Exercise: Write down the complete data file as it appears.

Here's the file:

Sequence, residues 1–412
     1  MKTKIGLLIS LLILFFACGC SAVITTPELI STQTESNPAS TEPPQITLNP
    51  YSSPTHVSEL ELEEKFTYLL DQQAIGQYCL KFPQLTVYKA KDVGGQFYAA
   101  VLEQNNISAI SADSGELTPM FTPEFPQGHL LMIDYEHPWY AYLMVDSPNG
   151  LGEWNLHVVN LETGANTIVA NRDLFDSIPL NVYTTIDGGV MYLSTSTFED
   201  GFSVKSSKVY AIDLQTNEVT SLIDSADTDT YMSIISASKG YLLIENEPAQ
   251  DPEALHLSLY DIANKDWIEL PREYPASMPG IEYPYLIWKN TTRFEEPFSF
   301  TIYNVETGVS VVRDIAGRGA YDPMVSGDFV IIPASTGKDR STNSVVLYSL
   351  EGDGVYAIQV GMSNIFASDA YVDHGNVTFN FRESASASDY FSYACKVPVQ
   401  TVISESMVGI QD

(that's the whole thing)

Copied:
Sequence, residues 1–412
     1  MKTKIGLLIS LLILFFACGC SAVITTPELI STQTESNPAS TEPPQITLNP
    51  YSSPTHVSEL ELEEKFTYLL DQQAIGQYCL KFPQLTVYKA KDVGGQFYAA
   101  VLEQNNISAI SADSGELTPM FTPEFPQGHL LMIDYEHPWY AYLMVDSPNG
   151  LGEWNLHVVN LETGANTIVA NRDLFDSIPL NVYTTIDGGV MYLSTSTFED
   201  GFSVKSSKVY AIDLQTNEVT SLIDSADTDT YMSIISASKG YLLIENEPAQ
   251  DPEALHLSLY DIANKDWIEL PREYPASMPG IEYPYLIWKN TTRFEEPFSF
   301  TIYNVETGVS VVRDIAGRGA YDPMVSGDFV IIPASTGKDR STNSVVLYSL
   351  EGDGVYAIQV GMSNIFASDA YVDHGNVTFN FRESASASDY FSYACKVPVQ
   401  TVISESMVGI QD